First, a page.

Science in 2011: revolutions and disasters

Science and technology can seem remote from the unfolding dramas of the world but they were never far from the front line in the first months of the Arab Spring.

When revolution broke out in Egypt’s Tahrir Square in January, scientists were there in force, helping to plant the seeds of change. When dictatorship was replaced by a move towards a more democratic system of government that openly encourages debate and dissent, and is more committed to meeting the social needs of their people, science began to germinate in Egypt and elsewhere.
Thus, the swift announcements in Egypt of the planned construction of the new Zewail City of Science and Technology, of an ambitious science spending plan and, later, of a national research network. Scientists in Egypt also felt they could speak out against what they saw as inappropriate development.
And, in reformed Tunisia, plans were announced to boost its science and technology with a US$16.5 million project.
Events during next year , particularly in Egypt, may provide a case history in the links ― or otherwise ― between greater political freedom and greater support for science. Social media
At the same time, science-based technology played its part in achieving freedoms. The role of social media in fostering the revolts of the Arab Spring has been discussed exhaustively but social media ― and their versatile vehicle, the mobile phone ― achieved much in other fields as well, making 2011, surely, the year in which the phenomenon came of age in the field of development.
Whether it is has been providing access to insurance for smallholders in East Africa, or helping during disasters such typhoons in the Philippines social media has been fixing development gaps all over the world.
Indeed, science and technology have had increasing amounts to offer the fields of both disaster warning and disaster response ― giving science another reason to be mixed up in headline world events.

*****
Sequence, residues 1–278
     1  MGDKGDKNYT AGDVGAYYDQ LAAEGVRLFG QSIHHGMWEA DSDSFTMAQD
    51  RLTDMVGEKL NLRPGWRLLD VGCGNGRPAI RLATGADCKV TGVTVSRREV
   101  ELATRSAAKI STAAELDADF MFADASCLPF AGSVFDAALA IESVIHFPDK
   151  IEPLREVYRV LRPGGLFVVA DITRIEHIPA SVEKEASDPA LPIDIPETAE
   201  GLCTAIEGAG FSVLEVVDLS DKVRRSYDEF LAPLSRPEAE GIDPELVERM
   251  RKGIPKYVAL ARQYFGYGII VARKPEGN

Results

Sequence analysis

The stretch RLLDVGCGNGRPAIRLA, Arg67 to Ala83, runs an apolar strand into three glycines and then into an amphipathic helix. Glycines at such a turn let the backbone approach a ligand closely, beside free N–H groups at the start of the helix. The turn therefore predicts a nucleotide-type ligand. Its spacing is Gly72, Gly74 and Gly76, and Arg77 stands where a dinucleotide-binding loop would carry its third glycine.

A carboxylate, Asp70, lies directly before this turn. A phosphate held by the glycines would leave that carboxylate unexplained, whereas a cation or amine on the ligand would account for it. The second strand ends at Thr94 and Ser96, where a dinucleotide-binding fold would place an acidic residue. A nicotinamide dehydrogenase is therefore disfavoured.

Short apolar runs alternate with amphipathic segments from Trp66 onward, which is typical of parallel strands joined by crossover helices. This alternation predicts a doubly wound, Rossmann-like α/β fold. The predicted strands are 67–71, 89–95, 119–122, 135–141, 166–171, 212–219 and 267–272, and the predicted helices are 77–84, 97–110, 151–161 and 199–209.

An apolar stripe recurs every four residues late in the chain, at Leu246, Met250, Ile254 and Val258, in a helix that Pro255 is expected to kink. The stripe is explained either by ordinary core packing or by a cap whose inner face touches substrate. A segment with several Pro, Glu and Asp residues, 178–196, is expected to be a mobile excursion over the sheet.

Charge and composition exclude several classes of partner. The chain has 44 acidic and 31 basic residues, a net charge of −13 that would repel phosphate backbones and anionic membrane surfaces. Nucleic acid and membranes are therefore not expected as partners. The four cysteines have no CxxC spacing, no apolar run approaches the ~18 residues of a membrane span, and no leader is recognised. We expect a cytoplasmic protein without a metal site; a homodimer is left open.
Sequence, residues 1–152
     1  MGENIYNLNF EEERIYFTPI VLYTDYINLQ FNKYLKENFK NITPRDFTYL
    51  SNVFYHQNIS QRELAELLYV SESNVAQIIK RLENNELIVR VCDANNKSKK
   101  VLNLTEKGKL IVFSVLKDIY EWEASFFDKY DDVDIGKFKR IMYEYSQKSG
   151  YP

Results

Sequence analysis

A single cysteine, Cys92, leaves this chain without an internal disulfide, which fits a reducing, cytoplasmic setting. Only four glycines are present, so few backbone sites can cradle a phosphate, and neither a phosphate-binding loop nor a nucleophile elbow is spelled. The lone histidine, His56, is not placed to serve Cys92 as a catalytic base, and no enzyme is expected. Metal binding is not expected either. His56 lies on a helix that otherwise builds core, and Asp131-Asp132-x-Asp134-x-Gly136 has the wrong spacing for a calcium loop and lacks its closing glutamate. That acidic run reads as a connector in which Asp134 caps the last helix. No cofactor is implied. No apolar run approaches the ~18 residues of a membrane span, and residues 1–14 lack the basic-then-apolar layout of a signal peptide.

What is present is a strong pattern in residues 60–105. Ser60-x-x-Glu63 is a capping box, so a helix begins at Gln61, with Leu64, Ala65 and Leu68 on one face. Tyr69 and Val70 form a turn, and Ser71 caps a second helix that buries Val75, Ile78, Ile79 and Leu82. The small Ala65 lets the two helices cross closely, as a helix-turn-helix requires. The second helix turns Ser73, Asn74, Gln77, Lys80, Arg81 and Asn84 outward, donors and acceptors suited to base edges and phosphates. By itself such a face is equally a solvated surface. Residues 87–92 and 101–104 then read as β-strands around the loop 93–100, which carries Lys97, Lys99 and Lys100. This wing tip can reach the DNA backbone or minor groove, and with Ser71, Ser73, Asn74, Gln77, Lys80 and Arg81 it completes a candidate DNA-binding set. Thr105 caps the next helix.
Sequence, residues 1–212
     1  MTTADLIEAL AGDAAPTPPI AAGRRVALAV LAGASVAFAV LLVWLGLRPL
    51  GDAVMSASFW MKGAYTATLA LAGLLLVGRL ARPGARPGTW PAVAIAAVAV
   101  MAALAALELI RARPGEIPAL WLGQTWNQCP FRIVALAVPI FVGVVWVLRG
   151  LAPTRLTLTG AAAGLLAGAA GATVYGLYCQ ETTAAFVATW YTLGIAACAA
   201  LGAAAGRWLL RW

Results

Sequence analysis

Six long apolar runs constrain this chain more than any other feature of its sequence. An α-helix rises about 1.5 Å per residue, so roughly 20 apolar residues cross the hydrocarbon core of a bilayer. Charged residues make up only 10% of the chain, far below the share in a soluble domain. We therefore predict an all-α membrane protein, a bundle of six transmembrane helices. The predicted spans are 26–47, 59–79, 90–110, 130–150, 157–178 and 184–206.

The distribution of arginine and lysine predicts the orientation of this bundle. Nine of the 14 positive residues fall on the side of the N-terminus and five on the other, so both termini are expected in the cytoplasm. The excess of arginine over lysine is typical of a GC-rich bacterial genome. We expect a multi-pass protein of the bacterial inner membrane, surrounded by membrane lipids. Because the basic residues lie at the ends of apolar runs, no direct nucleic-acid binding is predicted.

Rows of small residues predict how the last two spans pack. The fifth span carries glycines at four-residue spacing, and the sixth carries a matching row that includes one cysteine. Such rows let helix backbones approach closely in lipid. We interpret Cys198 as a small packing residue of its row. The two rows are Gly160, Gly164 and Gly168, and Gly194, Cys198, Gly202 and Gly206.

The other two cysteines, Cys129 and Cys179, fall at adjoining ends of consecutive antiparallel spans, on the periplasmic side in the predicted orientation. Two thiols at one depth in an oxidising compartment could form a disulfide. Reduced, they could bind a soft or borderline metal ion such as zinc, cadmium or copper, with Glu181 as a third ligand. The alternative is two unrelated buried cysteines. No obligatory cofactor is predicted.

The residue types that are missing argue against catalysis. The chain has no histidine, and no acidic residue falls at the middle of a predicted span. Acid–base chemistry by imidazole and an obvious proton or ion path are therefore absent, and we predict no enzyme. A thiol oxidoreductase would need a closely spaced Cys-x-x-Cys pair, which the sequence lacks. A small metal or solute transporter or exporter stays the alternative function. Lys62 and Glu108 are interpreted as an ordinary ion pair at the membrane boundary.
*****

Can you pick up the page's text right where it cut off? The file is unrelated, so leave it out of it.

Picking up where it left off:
The Japanese earthquake and tsunami in March, for example, highlighted ever-more ingenious ideas for adding vital seconds to tsunami warning times, from the detection of airglow fingerprints in the sky to the use of radar and global positioning systems (GPS); while tsunami early warning systems were tested both at a continental and local level.
In the case of the Horn of Africa drought, scientists were there before it happened, their early-warning systems forecasting famine. But the message did not lead to action, exposing the psychological and political difficulties faced by scientists and politicians alike when talking about risks rather than certainty.
Science of disaster
Given both its successes and failures, it is little surprise that there was much debate this year about the potential use of scientific data in preventing, or giving early warning about, disasters.
An American scientist made the controversial allegation that the 2010 floods in Pakistan could have been forecast far in advance using information already existing in Europe ― a claim that annoyed meteorologists in Pakistan.
Meanwhile, Thailand’s researchers have made progress on a ’super floodway’ to prevent flood damage and Philippine researchers have invented a cheaper version of landslide detectors.
The growing feeling that science has much to contribute in the prevention, early warning, rescue and recovery phases of disasters, was expressed in the Humanitarian Emergency Response Review, a report launched by the UK’s Department for International Development earlier in the year.
Meanwhile, the Integrated Research on Disaster Risk programme held its inaugural meeting in October, in Beijing, and plans to get scientists from many disciplines working together on disaster prevention.
Never far from discussions about natural disasters was the role of climate change, a phenomenon which preoccupied South Asia in particular in 2011, given its exposure to extreme weather conditions. Adaptation to these conditions and the other effects of global warming, in particular, was rarely out of the science news.
Least developed countries in the region took the lead, reflecting their growing concerns about their future.
A conference in Bangladesh underscored the idea that science is the key to adaptation strategies; while a climate summit in Bhutan saw four South Asian countries pledging to draw up a joint adaptation strategy.
A new inventory of Himalayan glaciers was released by the International Centre for Integrated Mountain Development in Nepal, while flood-hit Pakistan put up its climate change strategy for cabinet approval and is expanding its glacier monitoring network for better understanding of the impact of glaciers on flood hazards.
Further east, in the Pacific region, climate models and maps are being combined with locally generated information to try and understand the impacts of climate change.
In such ways, science has demonstrated that it has a lot to contribute to the solution of environmental problems.